As part of the Global Poverty Project’s commitment to ending polio, we are honoured to be working with Rotary International. Rotary was the first organisation who dared to take on the challenge of making a world without polio a reality and, since 1985, they have spearheaded efforts to vaccinate children across the developing world so that polio becomes as forgotten there as it is in developed countries. Since Rotary took the lead in ending polio, cases have been reduced by 99% - from more than 350,000 in 1988 to 650 in 2011 - and the number of polio-endemic countries has been reduced from 125 to just three (Afghanistan, Pakistan and Nigeria).
Rotary’s motto of “service above self” is a powerful and inspirational one. It is a motto that has inspired Rotarians to raise over US$1 billion to end polio, to work with the World Health Organization, UNICEF and the US Centers for Disease Control and Prevention in leading the Global Polio Eradication Initiative (GPEI) and to ask, not if we can end polio, but when.
On the 25th of May, 2012, the World Health Assembly declared polio an emergency for global public health, calling upon its 194 member states to fully fund the GPEI. The UK has been one of the leading countries spearheading the charge to eradicate polio. In January of last year, the Prime Minister announced a doubling of the UK's support to the GPEI, to help reach over 90 million children in 2011-2012. However, the measures needed to eradicate polio for good are expensive and the GPEI needs at least $240m by January 2013 just to continue operating. Indeed, the GPEI is facing an almost $1 billion funding gap over the next two years, meaning that it is having to scale back and stop vital vaccination programmes for children.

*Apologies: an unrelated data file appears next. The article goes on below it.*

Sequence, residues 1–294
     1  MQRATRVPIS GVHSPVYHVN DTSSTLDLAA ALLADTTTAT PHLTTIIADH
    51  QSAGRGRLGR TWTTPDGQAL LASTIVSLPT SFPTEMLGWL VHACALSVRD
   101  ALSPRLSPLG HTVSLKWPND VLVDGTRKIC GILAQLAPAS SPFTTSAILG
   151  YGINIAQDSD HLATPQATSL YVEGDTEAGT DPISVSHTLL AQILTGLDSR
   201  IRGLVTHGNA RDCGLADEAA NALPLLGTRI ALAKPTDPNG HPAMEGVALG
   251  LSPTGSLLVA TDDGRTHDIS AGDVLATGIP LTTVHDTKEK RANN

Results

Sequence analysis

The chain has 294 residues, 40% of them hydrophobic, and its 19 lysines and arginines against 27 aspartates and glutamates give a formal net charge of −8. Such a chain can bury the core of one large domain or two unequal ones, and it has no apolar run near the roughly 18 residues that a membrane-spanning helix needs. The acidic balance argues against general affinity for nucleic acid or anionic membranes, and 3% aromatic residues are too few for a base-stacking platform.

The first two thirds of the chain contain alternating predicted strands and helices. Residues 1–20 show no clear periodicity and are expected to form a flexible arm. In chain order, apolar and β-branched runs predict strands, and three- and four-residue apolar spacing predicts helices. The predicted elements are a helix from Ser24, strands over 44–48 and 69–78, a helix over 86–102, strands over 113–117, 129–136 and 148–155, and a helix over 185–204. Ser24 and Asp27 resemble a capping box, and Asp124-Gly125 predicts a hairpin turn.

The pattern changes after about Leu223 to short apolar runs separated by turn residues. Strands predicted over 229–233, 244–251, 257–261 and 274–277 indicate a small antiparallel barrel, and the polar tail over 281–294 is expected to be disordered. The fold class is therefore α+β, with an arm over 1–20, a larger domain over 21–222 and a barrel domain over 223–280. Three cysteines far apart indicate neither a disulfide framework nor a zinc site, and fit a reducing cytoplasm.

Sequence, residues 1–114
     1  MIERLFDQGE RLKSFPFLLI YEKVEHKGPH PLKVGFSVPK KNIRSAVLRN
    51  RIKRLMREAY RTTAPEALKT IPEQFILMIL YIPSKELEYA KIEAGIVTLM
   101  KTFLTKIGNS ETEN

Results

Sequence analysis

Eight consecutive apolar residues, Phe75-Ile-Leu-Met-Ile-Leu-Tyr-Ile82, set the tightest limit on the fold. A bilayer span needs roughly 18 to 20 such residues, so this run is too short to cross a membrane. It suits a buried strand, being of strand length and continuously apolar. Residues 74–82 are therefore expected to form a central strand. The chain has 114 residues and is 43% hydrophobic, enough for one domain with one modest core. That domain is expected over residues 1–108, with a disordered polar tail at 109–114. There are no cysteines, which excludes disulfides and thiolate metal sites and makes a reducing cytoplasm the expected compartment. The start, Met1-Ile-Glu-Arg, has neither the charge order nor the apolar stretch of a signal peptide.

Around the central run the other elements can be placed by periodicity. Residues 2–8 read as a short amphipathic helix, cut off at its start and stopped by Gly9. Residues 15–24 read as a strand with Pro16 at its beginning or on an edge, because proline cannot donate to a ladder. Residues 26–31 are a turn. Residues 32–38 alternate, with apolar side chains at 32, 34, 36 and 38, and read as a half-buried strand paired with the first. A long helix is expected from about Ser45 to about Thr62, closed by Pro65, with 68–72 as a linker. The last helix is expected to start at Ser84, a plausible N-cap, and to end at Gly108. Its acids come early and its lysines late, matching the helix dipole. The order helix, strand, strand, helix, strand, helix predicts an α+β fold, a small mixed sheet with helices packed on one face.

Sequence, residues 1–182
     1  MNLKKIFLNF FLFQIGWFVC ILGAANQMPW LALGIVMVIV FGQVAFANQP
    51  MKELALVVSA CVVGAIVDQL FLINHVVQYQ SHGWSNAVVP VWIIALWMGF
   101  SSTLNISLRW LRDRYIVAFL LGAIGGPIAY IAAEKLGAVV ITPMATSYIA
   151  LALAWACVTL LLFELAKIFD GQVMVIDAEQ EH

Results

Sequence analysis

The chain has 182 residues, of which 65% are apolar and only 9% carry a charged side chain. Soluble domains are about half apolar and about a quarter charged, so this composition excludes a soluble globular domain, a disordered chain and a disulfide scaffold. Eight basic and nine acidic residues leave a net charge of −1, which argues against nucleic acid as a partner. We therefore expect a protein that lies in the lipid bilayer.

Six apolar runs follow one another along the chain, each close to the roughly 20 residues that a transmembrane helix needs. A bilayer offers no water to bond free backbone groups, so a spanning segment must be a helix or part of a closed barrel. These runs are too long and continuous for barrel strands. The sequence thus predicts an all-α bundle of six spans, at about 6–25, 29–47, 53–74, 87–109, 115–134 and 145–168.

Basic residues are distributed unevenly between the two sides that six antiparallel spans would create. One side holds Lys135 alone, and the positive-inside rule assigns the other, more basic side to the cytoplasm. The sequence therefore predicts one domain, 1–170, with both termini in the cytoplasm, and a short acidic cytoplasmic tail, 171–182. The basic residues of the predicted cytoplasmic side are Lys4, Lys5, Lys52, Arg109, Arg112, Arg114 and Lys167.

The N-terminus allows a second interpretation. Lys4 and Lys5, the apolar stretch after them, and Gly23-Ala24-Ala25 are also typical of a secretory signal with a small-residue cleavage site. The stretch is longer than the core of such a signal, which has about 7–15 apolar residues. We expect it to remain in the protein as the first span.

Now that we’re so close to eradicating polio, the time has come, not to falter or pause, but to continue to act. Indeed, Dr Margaret Chan, Director-General of the World Health Organization, says:
"We have a window of opportunity now, with cases at an all time low. But if there is polio anywhere we are at risk of polio everywhere. Only eradication will ensure that polio does not re-emerge as a global threat."
As part of the Global Poverty Project’s The End of Polio campaign, we have been presenting at Rotary clubs across the UK. The passion with which the Chairman of Aberdeen Rotary club, John Milne, spoke about his concerns that the last sufferers of polio will be forgotten summed up Rotary’s commitment. Just like the Global Poverty Project, Rotary sees the final 1% as the most important. Both organisations believe that no child should face a lifetime of disability from a disease we know how to prevent, simply because of where they are born. Inspired by the commitment of Rotarians to ending polio, and their steadfast belief that a polio-free world is possible, the Global Poverty Project will continue to campaign alongside Rotary until the dream of a polio-free world has been realised.